Assessment is the purposeful and systematic collection of information about students’ learning. In Religious Education, students are assessed against the Achievement Standards in the Good News for Living curriculum. These describe the expected achievement for students who have been taught the associated curriculum content for a particular year of schooling. Both formative and summative assessments provide evidence that enables judgments to be made about a student’s learning and informs reporting on student progress.
- All assessment practices should be conducted in line with Catholic Education Tasmania (CET) Principles of Assessment (adopted from ACACA).
- Teachers should collect evidence of student achievement as described by the Good News for Living Achievement Standards.
- The five-point A–E scale (or an equivalent five-point scale) should be used only twice a year—on mid-year and end-of-year reports—and not on individual pieces of work throughout the year. Teachers should use both formative and summative assessment to inform these judgments.
- The CET A–E matrix should be used by teachers when making decisions about student achievement.
- Throughout the year, teachers should provide regular, quality feedback for students to assist their learning. This may be supported with an online system.
- Assessment tasks should be designed in line with the Features of Quality Task Design.
- Assessment should be supported by a system of intra-school and inter-school moderation.
Principles of Assessment
- The main purpose of assessment should be to inform teaching and improve learning.
- Assessment should be underpinned by equity principles. It should take account of the diverse needs of students and diverse contexts of education.
- Assessment should be aligned with curriculum, pedagogy and reporting. Quality assessment should have curricular and instructional validity: what is taught should inform what is assessed, and what is assessed should inform what is reported.
- Assessment aligned with curriculum, pedagogy and reporting should include assessment of deep knowledge of core concepts within and across the disciplines, and assessment of skills in problem solving, collaboration, analysis, synthesis and critical thinking.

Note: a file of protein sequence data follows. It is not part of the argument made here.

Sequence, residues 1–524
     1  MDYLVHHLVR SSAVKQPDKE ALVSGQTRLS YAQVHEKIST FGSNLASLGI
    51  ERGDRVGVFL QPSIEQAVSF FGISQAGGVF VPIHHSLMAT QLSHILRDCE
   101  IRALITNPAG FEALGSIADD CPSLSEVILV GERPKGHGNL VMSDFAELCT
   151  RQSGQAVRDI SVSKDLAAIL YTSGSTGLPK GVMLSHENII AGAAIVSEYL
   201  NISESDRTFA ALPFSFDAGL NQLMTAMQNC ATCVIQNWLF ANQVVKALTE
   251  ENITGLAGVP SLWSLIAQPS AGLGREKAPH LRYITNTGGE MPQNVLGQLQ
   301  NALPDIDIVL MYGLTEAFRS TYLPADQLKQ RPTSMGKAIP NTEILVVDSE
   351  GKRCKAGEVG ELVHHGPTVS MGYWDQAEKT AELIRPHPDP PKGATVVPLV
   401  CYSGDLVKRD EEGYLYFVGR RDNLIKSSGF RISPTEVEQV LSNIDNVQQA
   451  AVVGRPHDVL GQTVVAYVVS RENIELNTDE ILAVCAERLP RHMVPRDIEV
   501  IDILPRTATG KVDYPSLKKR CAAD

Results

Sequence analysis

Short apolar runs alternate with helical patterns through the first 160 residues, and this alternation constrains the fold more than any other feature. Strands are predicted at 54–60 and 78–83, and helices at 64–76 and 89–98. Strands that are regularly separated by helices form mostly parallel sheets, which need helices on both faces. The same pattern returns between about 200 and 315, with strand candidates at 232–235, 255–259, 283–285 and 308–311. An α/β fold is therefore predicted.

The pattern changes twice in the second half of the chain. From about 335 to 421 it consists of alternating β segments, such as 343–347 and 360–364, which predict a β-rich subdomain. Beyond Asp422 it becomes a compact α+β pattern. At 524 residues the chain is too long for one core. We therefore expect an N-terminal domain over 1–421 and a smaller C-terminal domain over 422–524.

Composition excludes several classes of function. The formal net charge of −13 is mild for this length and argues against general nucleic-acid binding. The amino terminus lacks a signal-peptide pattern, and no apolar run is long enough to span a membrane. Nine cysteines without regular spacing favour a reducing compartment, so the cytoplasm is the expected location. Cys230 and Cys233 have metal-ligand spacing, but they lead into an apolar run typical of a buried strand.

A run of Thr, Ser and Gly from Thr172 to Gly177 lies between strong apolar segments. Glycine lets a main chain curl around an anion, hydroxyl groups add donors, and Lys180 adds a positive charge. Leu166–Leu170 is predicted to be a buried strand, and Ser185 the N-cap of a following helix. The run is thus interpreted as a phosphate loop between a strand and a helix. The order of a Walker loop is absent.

- Assessment should involve collecting evidence about expected learning as the basis for judgments about the achieved quality of that learning. Judgments of quality should be based on evidence, with reference to established standards.
- Assessment evidence may come from a range of assessment activities. Assessment activities should be selected because of their relevance to the knowledge, skills and understanding to be assessed, and to the purpose of the assessment.
- Information collected through assessment activities should be sufficient and suitable to enable defensible judgments to be made. To show the depth and breadth of student learning, evidence of learning should be compiled over time. Standards should be reviewed periodically and adjusted according to evidence to facilitate continuous improvement.
- Approaches to assessment should be consistent with and responsive to local jurisdictional policies, priorities and contexts. Schools should have the freedom and support to develop quality assessment practices and programs that suit their particular circumstances and those of the students they are assessing.
Principles of Reporting Student Achievement
- be an accurate, evidence-based representation of learning, teaching and assessment
- communicate clear and relevant information on student learning, progress and achievement to students and parents
- support and motivate student learning and indicate areas for further development
- provide a formal record of the student’s progress and achievement
- be inclusive and accessible to the intended audience
- provide explicit reporting on learning disposition
- protect the privacy of individuals
- be consistent in format and transportable within the Catholic system in Tasmania
- be efficient and manageable (in plain English)
- meet the requirements for accountability